Okay, I can do that.

Done.

My eyes wander to the window. I may as well be living on Mars. That’s how orange it looks just now.

I glance at the baby monitor on my desk. She’s still asleep. I’ve got to keep working.

“Do the next thing.”

What’s the next thing?

Find the email addresses I’m sending this email to.

Okay, I can do that.

It takes me a few moments to locate the list. I notice I need to add a few more addresses. I do that.

I glance out the window. Still orange. So weird. Nearly spooky. It makes me feel anxious.

But I’ve got to do the next thing.

What’s the next thing?

Write a subject for the email.

Okay, I can do that.

After a few attempts, I am happy with the subject line.

I reach for my phone and move to the window. I switch to my camera and take several pictures. I want to capture the feel of it, but the camera simply won’t do justice to the strength of the orange outside.

I give up. Back at my desk, I remind myself, my baby could wake up any time now. I’ve got to do the next thing.

Proofread my email.

Okay, I can do that.

I read it aloud, tweaking some words as I go. At last, I am satisfied and hit send.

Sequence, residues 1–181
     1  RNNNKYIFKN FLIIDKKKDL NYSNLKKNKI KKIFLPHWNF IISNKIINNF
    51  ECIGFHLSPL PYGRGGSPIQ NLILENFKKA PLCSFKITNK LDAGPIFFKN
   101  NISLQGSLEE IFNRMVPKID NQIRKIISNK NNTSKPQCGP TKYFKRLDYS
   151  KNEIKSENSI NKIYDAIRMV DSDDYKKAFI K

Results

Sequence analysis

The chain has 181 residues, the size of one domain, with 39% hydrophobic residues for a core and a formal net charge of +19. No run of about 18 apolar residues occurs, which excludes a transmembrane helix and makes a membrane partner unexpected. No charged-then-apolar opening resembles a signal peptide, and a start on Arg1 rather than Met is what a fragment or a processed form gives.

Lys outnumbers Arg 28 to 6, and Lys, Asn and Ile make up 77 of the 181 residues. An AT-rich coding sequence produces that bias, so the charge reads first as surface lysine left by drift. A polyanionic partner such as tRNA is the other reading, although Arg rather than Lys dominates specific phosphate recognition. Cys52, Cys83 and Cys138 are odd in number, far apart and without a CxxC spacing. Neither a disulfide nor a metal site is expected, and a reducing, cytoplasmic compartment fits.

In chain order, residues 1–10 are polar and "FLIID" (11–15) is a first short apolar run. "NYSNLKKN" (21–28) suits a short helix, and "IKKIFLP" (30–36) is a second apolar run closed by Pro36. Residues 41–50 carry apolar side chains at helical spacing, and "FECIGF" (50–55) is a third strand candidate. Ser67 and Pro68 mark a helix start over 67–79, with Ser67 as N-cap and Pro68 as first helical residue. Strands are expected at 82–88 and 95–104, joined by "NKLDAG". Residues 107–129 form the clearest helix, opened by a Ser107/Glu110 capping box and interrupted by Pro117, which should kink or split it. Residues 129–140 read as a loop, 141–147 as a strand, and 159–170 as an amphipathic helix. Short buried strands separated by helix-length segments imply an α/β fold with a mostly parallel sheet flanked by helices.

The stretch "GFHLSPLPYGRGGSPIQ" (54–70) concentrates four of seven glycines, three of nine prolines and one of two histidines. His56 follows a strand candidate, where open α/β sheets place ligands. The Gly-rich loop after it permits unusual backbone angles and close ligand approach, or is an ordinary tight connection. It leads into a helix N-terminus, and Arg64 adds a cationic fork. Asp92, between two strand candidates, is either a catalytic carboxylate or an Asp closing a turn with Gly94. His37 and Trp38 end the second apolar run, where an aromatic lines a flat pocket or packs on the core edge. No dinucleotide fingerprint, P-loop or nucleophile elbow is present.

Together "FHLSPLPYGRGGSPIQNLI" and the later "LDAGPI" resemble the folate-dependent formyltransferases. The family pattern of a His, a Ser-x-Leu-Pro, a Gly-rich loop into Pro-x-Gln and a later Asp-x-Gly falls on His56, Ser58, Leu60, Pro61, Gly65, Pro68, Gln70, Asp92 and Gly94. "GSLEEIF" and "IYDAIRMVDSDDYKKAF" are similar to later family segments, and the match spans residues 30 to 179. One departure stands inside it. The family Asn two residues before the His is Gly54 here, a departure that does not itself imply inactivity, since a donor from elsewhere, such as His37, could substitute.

Leaning back in my chair, I peer out the window. Is it just me, or is the orange beginning to fade?

Oh, look! I can see some of the buildings across the valley. Certainly not in full colour, but the dim outlines are back.

I crane my neck to locate the sun. It appears somewhat, almost, yellow-ish again.

A hint of the weight inside me lightens. Perhaps, just maybe, the blue sky will be visible again and the sun will shine its happy yellow.

It might take a few days, but I know the sky is blue and I will not give up hope that I will see that blue again.

Why share this story? Because it holds a valuable reminder for me.

Sometimes life gets smokey when something creates smoke which comes in and blocks our vision. That something may be close to home and personal, or perhaps far bigger but further away.

Much of the time, there is nothing we can do to stop that smoke until the source fire is dealt with.